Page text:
Oregon State government flies with its own wings, instituting a
streamlined and adaptable learning management system.
Oregonians have an independent streak. Its been that way since
pioneers voted to make the state part of the union more than 150
years ago. Even the states motto, She flies with her own wings,
gives outsiders a hint that Oregonians like to do things their way.
It comes as no surprise, then, to learn that when Oregons
government put in place an enterprisewide learning management
system nearly three years ago, each of its 100 agencies wanted to
run things independently.
That may sound untenable. But Theme Grenz, iLearnOregons program
manager, and his colleagues in Oregons Department of Administrative
Services, Human Resource Services Division (HRSD) have given each
of the states agencies a fair degree of autonomy to operate its own
LMS. His success stems from the fact that hes passionate about the
technology, but even-tempered and pragmatic enough to see complete
control isnt always worth pushing for.
We have approximately 82 agencies across the state that are using
the LMS, which we call iLearnOregon, for various things such as
course registration, accessing e-learning, or tapping into
performance management tools, says Grenz. Each agency is using the
LMS to drive its respective mission. We have approximately 100
domains that reside under our core, State of Oregon domain. So in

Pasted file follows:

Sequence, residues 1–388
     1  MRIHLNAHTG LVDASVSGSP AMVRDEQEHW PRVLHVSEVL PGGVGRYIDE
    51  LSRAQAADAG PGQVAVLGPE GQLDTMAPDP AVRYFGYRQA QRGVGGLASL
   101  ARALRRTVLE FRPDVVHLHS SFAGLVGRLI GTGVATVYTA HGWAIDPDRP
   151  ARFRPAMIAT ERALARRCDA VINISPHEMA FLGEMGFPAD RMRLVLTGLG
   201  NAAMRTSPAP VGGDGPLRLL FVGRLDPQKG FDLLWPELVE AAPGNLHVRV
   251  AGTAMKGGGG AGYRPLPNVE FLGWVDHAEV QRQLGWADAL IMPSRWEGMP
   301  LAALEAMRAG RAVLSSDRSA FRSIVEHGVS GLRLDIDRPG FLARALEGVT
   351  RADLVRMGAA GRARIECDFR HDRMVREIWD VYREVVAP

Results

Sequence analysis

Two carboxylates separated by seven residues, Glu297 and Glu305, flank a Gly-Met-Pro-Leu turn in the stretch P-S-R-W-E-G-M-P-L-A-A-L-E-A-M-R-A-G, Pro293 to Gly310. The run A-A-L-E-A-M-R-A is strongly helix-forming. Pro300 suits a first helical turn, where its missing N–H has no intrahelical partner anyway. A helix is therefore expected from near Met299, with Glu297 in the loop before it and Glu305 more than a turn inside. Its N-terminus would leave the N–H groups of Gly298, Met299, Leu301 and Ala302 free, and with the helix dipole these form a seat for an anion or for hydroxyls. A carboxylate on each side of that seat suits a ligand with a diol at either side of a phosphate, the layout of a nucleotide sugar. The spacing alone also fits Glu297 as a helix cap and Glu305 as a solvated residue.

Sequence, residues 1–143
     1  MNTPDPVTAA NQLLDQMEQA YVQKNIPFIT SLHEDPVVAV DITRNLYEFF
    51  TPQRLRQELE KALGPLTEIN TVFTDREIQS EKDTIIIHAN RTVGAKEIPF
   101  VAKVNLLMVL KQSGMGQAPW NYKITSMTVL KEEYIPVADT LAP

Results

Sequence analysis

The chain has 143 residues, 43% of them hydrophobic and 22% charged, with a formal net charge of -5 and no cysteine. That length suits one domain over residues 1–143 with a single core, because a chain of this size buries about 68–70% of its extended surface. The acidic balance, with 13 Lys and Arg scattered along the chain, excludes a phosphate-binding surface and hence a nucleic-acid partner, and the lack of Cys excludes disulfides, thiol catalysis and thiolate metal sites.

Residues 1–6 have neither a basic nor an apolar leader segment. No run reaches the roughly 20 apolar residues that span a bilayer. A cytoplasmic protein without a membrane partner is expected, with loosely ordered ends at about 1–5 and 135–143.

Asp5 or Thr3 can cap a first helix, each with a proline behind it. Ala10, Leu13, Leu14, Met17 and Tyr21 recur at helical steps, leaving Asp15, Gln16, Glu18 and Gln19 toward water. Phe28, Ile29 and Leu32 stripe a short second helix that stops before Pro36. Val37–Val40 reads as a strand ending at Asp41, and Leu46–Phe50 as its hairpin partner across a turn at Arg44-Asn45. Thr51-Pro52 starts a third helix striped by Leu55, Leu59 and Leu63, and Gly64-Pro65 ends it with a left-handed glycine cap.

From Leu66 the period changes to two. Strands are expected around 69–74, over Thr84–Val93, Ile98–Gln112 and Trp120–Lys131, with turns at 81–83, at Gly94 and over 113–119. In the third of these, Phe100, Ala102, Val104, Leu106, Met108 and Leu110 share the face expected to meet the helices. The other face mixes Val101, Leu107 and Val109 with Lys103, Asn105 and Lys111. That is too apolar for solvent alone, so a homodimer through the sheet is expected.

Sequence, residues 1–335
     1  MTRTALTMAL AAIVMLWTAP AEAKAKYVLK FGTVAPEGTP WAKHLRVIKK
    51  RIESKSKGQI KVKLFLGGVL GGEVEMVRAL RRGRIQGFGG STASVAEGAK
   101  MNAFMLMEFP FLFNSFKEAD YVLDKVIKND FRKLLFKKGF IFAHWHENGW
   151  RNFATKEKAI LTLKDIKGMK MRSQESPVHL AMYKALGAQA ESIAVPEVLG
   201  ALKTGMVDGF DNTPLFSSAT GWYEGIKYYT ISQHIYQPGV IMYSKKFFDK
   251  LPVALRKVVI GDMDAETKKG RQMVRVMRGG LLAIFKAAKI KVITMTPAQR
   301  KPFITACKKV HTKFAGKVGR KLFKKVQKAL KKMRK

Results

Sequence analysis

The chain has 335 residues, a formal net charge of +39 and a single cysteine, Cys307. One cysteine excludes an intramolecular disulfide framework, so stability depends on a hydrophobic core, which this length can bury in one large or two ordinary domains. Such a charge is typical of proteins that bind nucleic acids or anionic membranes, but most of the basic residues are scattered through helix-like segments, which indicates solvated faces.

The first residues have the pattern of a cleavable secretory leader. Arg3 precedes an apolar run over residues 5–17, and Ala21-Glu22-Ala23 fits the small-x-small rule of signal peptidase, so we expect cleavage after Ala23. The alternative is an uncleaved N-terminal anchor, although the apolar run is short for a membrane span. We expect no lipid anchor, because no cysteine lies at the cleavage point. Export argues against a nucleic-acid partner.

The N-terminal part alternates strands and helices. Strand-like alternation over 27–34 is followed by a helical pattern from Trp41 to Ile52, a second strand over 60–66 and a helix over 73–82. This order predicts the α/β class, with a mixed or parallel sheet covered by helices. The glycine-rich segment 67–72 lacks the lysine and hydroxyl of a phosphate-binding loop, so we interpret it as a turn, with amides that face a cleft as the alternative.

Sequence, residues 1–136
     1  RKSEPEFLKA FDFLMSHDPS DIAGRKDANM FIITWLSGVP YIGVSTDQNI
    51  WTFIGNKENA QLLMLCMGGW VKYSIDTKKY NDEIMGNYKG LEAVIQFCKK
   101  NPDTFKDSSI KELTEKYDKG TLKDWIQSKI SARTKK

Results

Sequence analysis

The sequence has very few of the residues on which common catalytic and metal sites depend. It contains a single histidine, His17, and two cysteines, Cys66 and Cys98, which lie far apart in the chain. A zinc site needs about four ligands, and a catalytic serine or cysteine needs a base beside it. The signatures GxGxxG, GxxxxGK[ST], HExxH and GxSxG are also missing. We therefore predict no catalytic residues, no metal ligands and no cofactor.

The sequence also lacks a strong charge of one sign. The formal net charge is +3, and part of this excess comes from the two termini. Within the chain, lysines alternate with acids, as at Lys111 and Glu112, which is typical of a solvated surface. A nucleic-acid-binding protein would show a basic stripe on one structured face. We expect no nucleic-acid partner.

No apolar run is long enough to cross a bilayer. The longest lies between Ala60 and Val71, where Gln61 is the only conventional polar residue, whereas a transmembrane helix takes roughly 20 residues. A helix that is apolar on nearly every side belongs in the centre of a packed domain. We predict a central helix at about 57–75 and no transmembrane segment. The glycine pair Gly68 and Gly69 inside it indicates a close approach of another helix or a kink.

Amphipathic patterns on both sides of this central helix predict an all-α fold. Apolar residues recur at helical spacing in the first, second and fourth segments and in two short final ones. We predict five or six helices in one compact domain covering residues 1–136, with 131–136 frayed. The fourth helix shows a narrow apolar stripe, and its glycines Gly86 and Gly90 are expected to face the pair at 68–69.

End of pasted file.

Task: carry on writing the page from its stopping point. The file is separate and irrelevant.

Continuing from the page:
essence, we can have 100 separate companies all integrated into the
system within the database, and executing differently.
The iLearnOregon platform is a learning management system made by
Meridian Knowledge Solutions. According to Grenz, the system
integrates general learning management functions (for example,
course catalogs, class registrations, enrollments, transcripts, and
administration tools) with collaboration software and performance
management features such as employee development plans and skill
assessments. As of last year, iLearnOregon had more than 55,000
users, plus thousands of people not directly employed by the state,
such as fire district personnel, city and county employees, and the
Grenz says that the states vision for iLearnOregon is twofold.
First, government managers look to the LMS to reduce the cost of
learning and development while providing just-in-time training and
certifications for the workforce and its private-sector partners.
Second, Oregon hopes to change the way it builds its workforce by
using the LMS to provide workers with individual development plans
that will chart their skills and map what they need to learn to
tackle more complex roles.
An LMS for one and all
The nature of how Oregons state workforce uses its LMS has demanded
that Grenz be equal parts technician and politician. Among other
things, Grenzs background includes learning and performance
initiatives, including helping organizations leverage and integrate
learning technologies into its strategic planning. iLearnOregon is
his third learning technologies implementation; in 2001, he
implemented both an LMS and a virtual classroom platform.
Grenzs passion for the nuances of implementing learning
technologies has served Oregon well. To enable Oregons many state
agencies to have their own LMS, Grenz and his colleagues have
exploited the architecture on which iLearnOregon is built. For
example, one level below the systems base architecture rests two
domains. One domain serves the general public, such as business
partners, who can access learning and track certifications. And the
other domain serves Oregons government workforce. Below the State
of Oregons LMS architecture is yet another layer packed with
sub-domains, as Grenz calls them, for each state agency that wants
to deliver, manage and track training in support of its specific
Grenz and his co-workers in HRSD consider these sub-domains as
separate learning management systems. Weve capitalized on the